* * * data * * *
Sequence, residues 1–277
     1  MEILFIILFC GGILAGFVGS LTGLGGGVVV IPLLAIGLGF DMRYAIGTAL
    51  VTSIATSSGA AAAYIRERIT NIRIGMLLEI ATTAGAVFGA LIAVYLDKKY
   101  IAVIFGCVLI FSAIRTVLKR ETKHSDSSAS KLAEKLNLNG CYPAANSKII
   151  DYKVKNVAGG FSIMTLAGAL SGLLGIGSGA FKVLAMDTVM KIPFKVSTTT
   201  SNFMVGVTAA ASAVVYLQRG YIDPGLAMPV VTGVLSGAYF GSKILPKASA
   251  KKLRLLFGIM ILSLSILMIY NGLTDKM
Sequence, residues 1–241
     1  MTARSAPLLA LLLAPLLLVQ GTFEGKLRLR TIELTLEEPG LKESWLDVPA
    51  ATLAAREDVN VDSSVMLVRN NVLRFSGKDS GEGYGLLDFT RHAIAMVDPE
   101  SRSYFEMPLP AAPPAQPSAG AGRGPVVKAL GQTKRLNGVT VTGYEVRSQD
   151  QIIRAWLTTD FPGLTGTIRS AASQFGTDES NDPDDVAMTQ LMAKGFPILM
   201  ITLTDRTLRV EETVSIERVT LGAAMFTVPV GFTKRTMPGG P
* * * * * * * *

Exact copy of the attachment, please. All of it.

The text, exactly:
Sequence, residues 1–277
     1  MEILFIILFC GGILAGFVGS LTGLGGGVVV IPLLAIGLGF DMRYAIGTAL
    51  VTSIATSSGA AAAYIRERIT NIRIGMLLEI ATTAGAVFGA LIAVYLDKKY
   101  IAVIFGCVLI FSAIRTVLKR ETKHSDSSAS KLAEKLNLNG CYPAANSKII
   151  DYKVKNVAGG FSIMTLAGAL SGLLGIGSGA FKVLAMDTVM KIPFKVSTTT
   201  SNFMVGVTAA ASAVVYLQRG YIDPGLAMPV VTGVLSGAYF GSKILPKASA
   251  KKLRLLFGIM ILSLSILMIY NGLTDKM
Sequence, residues 1–241
     1  MTARSAPLLA LLLAPLLLVQ GTFEGKLRLR TIELTLEEPG LKESWLDVPA
    51  ATLAAREDVN VDSSVMLVRN NVLRFSGKDS GEGYGLLDFT RHAIAMVDPE
   101  SRSYFEMPLP AAPPAQPSAG AGRGPVVKAL GQTKRLNGVT VTGYEVRSQD
   151  QIIRAWLTTD FPGLTGTIRS AASQFGTDES NDPDDVAMTQ LMAKGFPILM
   201  ITLTDRTLRV EETVSIERVT LGAAMFTVPV GFTKRTMPGG P